At the individual level, we found a measurable contextual effect only for delayed marriage, and not for fertility after marriage. This is consistent with the literature, noted above, that neighborhood context may be more influential at the younger ages than at the older ages. However, the overall lack of explanatory power at the individual level is puzzling. It is not simply that the contextual effects do not emerge strongly—none of the fixed effects were powerful predictors. To be sure, all relationships were in the expected direction, especially the relationship with education, but the overall size of the effects was relatively small. We tried every possible combination of variables (not shown) without any improvement in the results. The census data have the strong advantage that they permit a detailed spatial analysis, but they have the strong disadvantage that the relatively limited number of questions asked on the census appear not to be capturing those things that are most influencing reproductive decisions in Accra.
The relatively small contextual effects, regardless of how spatially bounded the context (e.g, vernacular or organic in nature), fits into the larger discussion in the literature about the nature of these effects (see, for example, Subramanian et al. 2009
). Entwisle (2007)
and Matthews (2008)
are among those who have noted that (1) neighborhoods of residence (at which location we collect most data in the social sciences) may not be as salient as we think in determining human behavior; and (2) even if they are, the multilevel statistical techniques currently employed, as in this research, may not be as appropriate as we would like them to be for this task. We agree with both Entwisle and Matthews that the next step must involve more intensive field research that includes a clear spatial component. This may also require that we turn the tables on the usual approach to defining neighborhoods which is, as we did in this research, to define them on the basis of the expected “predictor variables,” and then we see whether the observed data, in this case fertility levels, match our expectations. Most research findings, including our own in this research, produce very modest levels of explanation of behavior at the individual level and so an alternative research strategy may be to create “contexts” of high and low fertility and then investigate, through data mining and field work, the factors that explain the individual variability in behavior among people living in those differing contexts.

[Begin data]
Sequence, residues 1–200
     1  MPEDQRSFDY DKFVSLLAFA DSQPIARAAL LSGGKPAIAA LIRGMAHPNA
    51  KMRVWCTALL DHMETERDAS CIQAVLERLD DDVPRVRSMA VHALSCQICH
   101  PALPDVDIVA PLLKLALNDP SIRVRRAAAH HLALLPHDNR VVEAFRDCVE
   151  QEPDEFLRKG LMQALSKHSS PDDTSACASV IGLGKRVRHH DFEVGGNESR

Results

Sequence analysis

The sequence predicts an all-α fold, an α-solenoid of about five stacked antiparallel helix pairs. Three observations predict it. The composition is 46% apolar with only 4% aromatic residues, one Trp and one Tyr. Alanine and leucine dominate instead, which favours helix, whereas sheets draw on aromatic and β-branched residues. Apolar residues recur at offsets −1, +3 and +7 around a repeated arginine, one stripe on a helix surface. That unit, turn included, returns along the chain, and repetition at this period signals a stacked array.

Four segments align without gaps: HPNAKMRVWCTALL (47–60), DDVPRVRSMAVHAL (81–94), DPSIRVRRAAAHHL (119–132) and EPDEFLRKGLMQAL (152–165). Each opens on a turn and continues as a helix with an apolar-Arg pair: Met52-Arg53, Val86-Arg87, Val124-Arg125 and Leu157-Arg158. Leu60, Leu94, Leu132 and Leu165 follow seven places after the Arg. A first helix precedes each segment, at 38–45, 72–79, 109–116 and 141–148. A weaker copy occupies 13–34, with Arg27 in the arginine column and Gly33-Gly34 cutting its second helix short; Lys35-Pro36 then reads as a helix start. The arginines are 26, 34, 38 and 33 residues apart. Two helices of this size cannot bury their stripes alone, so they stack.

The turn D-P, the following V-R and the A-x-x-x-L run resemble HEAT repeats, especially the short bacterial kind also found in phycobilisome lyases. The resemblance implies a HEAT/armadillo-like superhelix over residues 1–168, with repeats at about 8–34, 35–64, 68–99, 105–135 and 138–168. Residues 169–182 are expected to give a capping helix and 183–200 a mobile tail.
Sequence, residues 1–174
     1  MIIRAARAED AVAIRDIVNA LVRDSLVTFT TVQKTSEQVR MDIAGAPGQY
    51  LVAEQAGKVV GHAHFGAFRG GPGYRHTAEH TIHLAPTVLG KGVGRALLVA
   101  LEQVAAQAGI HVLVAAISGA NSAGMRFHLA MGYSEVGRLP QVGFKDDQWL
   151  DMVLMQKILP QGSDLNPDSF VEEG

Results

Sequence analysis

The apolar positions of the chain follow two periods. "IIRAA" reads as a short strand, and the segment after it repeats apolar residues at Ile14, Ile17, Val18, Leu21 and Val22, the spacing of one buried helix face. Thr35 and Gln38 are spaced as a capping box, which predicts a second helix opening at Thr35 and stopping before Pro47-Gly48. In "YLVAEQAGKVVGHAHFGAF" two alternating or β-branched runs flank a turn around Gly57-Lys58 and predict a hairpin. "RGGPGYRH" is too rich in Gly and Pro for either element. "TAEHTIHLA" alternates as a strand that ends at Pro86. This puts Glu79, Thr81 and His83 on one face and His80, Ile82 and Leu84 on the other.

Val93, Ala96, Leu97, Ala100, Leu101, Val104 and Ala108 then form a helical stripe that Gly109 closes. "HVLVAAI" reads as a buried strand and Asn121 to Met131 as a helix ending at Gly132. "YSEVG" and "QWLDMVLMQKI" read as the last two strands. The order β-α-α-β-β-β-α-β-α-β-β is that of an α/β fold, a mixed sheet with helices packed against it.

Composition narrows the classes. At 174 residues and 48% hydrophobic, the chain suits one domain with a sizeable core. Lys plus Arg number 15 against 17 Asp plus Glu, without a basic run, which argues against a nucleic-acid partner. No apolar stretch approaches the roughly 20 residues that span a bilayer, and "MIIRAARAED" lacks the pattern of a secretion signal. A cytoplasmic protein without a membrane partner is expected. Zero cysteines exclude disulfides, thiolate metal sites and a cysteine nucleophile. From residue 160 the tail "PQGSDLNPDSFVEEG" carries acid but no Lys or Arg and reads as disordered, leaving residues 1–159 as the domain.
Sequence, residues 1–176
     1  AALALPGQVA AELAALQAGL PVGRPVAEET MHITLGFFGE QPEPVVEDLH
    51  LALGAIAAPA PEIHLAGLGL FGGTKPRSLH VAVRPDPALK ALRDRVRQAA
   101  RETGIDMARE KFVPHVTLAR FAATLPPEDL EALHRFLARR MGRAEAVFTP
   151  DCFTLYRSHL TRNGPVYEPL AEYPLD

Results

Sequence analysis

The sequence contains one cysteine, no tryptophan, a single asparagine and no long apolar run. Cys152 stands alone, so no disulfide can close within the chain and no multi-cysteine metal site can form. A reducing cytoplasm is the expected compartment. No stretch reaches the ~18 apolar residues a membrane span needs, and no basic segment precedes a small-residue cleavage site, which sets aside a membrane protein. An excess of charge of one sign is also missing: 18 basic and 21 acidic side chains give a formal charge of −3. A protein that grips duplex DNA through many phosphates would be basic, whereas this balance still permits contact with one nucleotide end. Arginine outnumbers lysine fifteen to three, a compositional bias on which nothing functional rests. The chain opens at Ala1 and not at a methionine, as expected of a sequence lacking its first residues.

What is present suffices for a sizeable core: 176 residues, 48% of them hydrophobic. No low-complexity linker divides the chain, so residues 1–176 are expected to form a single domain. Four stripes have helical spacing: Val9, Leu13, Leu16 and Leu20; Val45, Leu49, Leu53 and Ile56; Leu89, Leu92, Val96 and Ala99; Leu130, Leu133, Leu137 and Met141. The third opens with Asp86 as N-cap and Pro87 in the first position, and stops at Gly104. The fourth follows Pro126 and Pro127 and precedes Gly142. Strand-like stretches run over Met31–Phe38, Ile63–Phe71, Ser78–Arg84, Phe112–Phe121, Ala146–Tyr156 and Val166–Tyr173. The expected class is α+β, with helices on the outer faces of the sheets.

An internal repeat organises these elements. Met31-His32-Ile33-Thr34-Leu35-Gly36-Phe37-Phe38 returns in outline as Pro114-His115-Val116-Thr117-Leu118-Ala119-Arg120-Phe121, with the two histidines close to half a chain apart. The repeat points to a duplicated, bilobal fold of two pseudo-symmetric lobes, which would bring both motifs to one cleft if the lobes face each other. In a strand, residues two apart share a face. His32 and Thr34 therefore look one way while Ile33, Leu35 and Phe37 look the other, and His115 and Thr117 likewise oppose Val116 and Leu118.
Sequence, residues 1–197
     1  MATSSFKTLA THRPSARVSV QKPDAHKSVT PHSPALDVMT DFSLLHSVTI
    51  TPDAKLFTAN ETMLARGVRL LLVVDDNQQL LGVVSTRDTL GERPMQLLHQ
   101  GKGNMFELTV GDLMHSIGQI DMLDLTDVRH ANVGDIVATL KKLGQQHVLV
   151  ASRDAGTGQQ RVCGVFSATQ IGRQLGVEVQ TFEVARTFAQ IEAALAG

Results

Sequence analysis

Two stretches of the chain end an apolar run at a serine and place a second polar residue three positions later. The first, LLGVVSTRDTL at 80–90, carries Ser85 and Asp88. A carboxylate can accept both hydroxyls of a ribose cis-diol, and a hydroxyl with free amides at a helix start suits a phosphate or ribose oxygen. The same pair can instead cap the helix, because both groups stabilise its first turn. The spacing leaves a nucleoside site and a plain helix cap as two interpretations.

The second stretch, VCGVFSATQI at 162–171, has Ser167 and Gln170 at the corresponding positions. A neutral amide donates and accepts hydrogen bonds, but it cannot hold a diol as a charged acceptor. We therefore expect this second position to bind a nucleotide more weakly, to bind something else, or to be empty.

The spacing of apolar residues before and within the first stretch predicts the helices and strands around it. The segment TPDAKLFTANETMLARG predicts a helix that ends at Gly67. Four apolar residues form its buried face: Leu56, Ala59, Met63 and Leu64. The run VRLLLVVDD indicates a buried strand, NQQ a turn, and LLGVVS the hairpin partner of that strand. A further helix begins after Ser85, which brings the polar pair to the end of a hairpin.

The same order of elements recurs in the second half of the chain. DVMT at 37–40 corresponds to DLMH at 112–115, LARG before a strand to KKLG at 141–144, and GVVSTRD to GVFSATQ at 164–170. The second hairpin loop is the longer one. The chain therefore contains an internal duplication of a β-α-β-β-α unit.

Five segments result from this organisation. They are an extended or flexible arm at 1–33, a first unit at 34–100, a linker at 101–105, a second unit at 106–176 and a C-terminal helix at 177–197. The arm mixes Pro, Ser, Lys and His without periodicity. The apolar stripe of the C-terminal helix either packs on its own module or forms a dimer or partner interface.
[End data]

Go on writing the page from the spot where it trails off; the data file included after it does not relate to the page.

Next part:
In this paper, we have been able to take only a cross-sectional slice of fertility behavior in Accra, during a transitional time when fertility had stalled in Ghana and in Accra more specifically, and so we are not in a position from these data to fully understand these potentially dynamic factors underlying fertility change. Nonetheless, we have shown that an important component of the variability in fertility levels in Accra is the age at which young women marry. Over time, increasingly delayed marriage would have the effect of lowering overall levels of fertility through its tempo effect. In order for this to be associated with a stall in fertility, however, it would had to have meant that reproduction was actually rising within marriage. And, in fact, data from the GDHS do show that in 2003 the number of children ever born to ever-married women aged 25 through 39 was higher than it had been among ever-married women of the same age in 1998. From this, we can infer that the stall in fertility in Accra was largely a tempo effect from delayed marriage and, as we noted above, delayed marriage is also a major contributor to the intra-urban variability in fertility within Accra. On the other hand, data from the 2008 GDHS show that the delay in marriage leveled off between 2003 and 2008 after reaching near universality among women 15–19 and more than two-thirds of women aged 25–29. At the same time, the number of children born to ever-married women was lower at every age in 2008 than it had been in 2003, leading to an overall drop in fertility among women in Accra. We will be able to test the expected spatial patterns of these changes within the city after completion of the 2010 Census of Population and Housing.